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Tilting Tower Developer May Drill Deeper

Tuesday, October 25, 2016

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The developer behind San Francisco’s famously sinking Millennium Tower has reportedly changed plans for another tower project in the same area, likely redesigning its foundation so that it’s drilled into bedrock.

According to the San Francisco Chronicle, Millennium Partners confirmed Thursday (Oct. 20) that it is bringing in structural engineers to the site of its new high-rise at 706 Mission St., just blocks from the Millennium Tower, to analyze soil conditions “at very low below-grade depths—up to about 300 feet below the surface.” That is much deeper than the new building's foundation was orignally planned to reach.

706 Mission rendering
Rendering: Handel Architects

Millennium Partners has already broken ground on the 706 Mission St. property, planned as a 45-story mixed-use tower, and home of the Mexican Museum.

The move comes about 10 weeks after reports surfaced that the 58-story Millennium Tower was sinking and tilting, to a degree not anticipated by the developers and builders. While some have argued that the issues with the tower stem from its piles not being drilled down into bedrock, the developer has held all along that the building needn’t be anchored down that far.

Millennium Problems

The tower, according to a report published in August, has sunk 16 inches since opening in 2008, and tilts about 2 inches to the northwest. Originally, it was expected to settle about 5 inches over time.

Millennium Partners has largely blamed the Transbay Joint Powers Authority for disturbing the tower while building its Transbay Transit Center on an adjacent lot. The TJPA countered that if the Tower had built on piles drilled down to the bedrock—about 200 feet down—it would not be tilting.

Millennium tower
By Daniel Ramirez – CC-BY 2.0, via Flickr

Millennium Tower in San Francisco has sunk 16 inches since opening in 2008, and tilts about 2 inches to the northwest.

The Millennium Tower is built on a concrete slab, with 14-inch square precast piles that extend 60 to 80 feet down. The tower is built on fill, as it rests beyond where the shoreline of the San Francisco Bay originally was.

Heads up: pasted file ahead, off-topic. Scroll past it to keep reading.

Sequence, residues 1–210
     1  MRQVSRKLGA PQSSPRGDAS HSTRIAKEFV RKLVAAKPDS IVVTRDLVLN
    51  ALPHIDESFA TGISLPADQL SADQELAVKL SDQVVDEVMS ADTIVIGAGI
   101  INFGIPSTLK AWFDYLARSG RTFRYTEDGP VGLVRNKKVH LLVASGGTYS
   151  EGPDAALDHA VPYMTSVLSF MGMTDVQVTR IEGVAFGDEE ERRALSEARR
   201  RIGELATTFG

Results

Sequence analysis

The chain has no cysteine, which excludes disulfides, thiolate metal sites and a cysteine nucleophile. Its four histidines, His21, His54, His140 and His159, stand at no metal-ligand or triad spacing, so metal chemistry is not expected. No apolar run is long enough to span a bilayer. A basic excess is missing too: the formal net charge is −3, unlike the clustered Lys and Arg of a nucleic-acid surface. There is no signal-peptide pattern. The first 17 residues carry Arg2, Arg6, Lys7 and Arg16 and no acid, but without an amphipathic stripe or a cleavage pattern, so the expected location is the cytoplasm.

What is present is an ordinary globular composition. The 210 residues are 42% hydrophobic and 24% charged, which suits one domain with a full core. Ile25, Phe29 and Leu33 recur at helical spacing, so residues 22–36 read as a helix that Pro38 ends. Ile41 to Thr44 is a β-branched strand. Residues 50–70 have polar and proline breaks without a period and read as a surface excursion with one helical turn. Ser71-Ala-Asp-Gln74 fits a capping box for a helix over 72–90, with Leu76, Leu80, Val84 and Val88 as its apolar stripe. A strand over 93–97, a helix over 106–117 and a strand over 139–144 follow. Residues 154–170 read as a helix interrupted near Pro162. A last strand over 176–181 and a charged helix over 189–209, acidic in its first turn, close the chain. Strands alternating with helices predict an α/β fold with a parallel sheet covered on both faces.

While the settling is unsettling, not everyone believes it poses an immediate risk for the building. An earthquake-safe design expert hired by the developer issued a report earlier this month saying that the building was safe to occupy, even in the event of an earthquake.

Solid Ground

Millennium Partners has already broken ground on the 706 Mission St. property, planned as a 45-story mixed-use tower, and home of the Mexican Museum. It was designed by Handel Architects, the firm behind the Millennium Tower.

The new building at 706 Mission lies on more solid ground, but according to the Chronicle, the developer may err on the side of caution and drill down further anyway, if only to assuage the fears of possible tenants.

“I think you will find everybody in the marketplace has been alert to what has been on the front page for the last several months,” one developer told the newspaper, referring to the Millennium controversy and lawsuits that have followed.

Attempts to calm new buyers at the 706 Mission tower could lead to even more concerns elsewhere, though. One member of San Francisco’s Board of Supervisors told the Chronicle that the move should be a sign to the city to take a long look at any such building that isn’t anchored to bedrock.

“This turnaround proves that developers can afford to put in state-of-the-art foundation systems rather than cutting corners and skimping, and still have a viable project,” Aaron Peskin told the newspaper. “And it should be a sign to City Hall and our building officials that we should be insisting on the safest foundation systems available.”


Tagged categories: Architects; Architecture; Asia Pacific; concrete; Condominiums/High-Rise Residential; EMEA (Europe, Middle East and Africa); Engineers; Good Technical Practice; Latin America; North America

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